figure;
fplot(Ppant03.Likelihood,[0,1]);
xlabel('theta: probability of a correct responses');
ylabel('L(k): likelihood of theta given the data');
title('Participant 3');
As we can see, the peak of these likelihood functions agrees with the point estimates for theta that we computed using the linear approximations above. However, the likelihood functions contain much more information in that they express a range of plausible values of theta. Furthermore, the width of this range represents how confident we should be in the values of theta for each participant - notice that this range is narrower for participant 3 because they responded to more trials and so their data are more informative. In contrast, the linear approximation weights data from all participants equally, regardless of the number of trials.
[It is also worthwhile noting that mixed-effects models can make further use of these individual likelihood estimates by allowing a model to estimate specific values of theta for each participant that systematically vary around a population average… but that is a story for a different time].
So, how do we combine the likelihood function from each participant to obtain a group-level likelihood estimate for the value of theta? Easy... we just multiply the likelihood functions together. When we do this, we get the following.
Group.c = integral(@(t) Ppant01.Likelihood(t).*Ppant02.Likelihood(t).*Ppant03.Likelihood(t),0,1);
Group.Likelihood = ...
@(theta) Ppant01.Likelihood(theta) .* Ppant02.Likelihood(theta) .* Ppant03.Likelihood(theta) ./ Group.c;
figure;
fplot(Group.Likelihood,[0,1]);
xlabel('theta: probability of a correct responses');
ylabel('L(k): likelihood of theta given the data');
title('Group');
Now, we can use some optimisers to obtain the maximum likelihood estimate for theta, as well as the 95% confidence intervals. These confidence intervals are taken to be the most likely values of theta that span 95% of the likelihood function (i.e., bound 95% of the area under the likelihood curve).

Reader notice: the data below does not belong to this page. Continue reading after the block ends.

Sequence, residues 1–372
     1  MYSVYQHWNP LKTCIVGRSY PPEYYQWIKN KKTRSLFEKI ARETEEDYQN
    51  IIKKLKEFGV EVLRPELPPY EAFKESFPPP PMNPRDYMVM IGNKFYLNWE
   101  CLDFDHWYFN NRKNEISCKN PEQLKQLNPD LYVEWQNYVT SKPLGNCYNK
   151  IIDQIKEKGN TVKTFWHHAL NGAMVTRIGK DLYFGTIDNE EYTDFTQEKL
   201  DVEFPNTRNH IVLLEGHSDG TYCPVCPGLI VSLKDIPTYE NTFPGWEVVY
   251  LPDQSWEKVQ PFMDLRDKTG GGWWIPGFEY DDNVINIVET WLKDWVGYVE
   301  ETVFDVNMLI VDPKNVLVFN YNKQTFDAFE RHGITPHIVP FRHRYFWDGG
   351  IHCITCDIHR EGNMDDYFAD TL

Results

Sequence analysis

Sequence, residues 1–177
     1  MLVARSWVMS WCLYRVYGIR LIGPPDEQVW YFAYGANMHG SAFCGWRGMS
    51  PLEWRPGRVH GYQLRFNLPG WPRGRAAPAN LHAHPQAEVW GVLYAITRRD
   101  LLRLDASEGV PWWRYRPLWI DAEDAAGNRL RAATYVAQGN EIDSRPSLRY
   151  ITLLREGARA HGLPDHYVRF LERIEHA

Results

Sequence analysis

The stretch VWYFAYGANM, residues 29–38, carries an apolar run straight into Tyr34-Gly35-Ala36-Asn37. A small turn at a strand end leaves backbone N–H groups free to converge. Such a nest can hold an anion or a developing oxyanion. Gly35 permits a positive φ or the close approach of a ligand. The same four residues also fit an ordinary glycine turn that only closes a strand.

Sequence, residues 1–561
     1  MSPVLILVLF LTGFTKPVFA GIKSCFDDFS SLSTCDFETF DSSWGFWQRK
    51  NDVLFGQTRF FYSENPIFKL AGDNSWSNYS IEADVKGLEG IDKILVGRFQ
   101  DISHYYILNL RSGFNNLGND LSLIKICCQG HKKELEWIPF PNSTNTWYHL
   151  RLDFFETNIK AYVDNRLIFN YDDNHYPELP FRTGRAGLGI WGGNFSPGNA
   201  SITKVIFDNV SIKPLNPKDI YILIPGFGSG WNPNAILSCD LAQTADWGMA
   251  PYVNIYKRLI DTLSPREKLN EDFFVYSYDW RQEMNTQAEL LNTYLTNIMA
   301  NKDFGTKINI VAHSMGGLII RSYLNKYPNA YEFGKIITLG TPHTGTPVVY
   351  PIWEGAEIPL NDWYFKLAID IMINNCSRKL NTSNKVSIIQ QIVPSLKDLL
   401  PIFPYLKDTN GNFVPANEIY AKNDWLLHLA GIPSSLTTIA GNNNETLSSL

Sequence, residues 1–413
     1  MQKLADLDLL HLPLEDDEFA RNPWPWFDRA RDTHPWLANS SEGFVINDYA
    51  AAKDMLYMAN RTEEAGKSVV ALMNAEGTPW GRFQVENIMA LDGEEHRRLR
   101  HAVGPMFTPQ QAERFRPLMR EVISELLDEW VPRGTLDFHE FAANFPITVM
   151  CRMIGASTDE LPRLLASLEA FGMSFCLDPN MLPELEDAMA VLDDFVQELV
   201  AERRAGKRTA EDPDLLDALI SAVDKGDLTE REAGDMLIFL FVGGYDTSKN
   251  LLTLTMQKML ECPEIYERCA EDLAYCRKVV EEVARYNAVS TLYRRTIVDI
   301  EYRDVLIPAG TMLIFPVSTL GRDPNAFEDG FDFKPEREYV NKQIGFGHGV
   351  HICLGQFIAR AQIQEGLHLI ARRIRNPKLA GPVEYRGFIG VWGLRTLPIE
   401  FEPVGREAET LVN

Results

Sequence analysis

EstimOpts = optimoptions('fmincon','Display','off');
Group.MaxLikelihood = fmincon(@(theta)-Group.Likelihood(theta),...
0.5,[-1;1],[0;1],[],[],[],[],[],EstimOpts);
fprintf('Maximum likelihood estimate for theta = %f;%c',Group.MaxLikelihood,10)
Maximum likelihood estimate for theta = 0.900000;
Group.CI95_Lo = fmincon(@(lim)(integral(@(t)Group.Likelihood(t),0,lim)-0.025).^2,...
0.5,[-1;1],[0;1],[],[],[],[],[],EstimOpts);
Group.CI95_Hi = fmincon(@(lim)(integral(@(t)Group.Likelihood(t),0,lim)-0.975).^2,...
0.5,[-1;1],[0;1],[],[],[],[],[],EstimOpts);
fprintf('95%% confidence intervals for theta = [%f, %f];%c',Group.CI95_Lo,Group.CI95_Hi,10)
95% confidence intervals for theta = [0.587220, 0.977167];
Notice how our confidence intervals are now properly bounded by 0 and 1. Also notice that the maximum likelihood estimate (0.9) is closer to the true value of theta (0.8) when compared to the linear estimate calculated previously (0.933). Specifically, the linear estimate produced a 16.7% error whereas the logistic analysis returned an error of 12.5%. However, it turns out that we can do even better than this!...
When running a Bayesian logistic analysis rather than a Frequentist logistic analysis, it most common to use an estimate called the 'conditional expectation'. The conditional expectation is basically the mean value of theta weighted by the likelihood function.
In this case, the conditional expectation produces a much lower estimation error than the maximum likelihood estimate, being only 4.17% off the true value. Not bad considering it is based on just 10 trials across 3 participants.
Group.ConditionalExpectation = integral(@(theta) Group.Likelihood(theta).*theta, 0,1);
fprintf('Conditional expectation for theta = %f;%c',Group.ConditionalExpectation,10)
Conditional expectation for theta = 0.833333;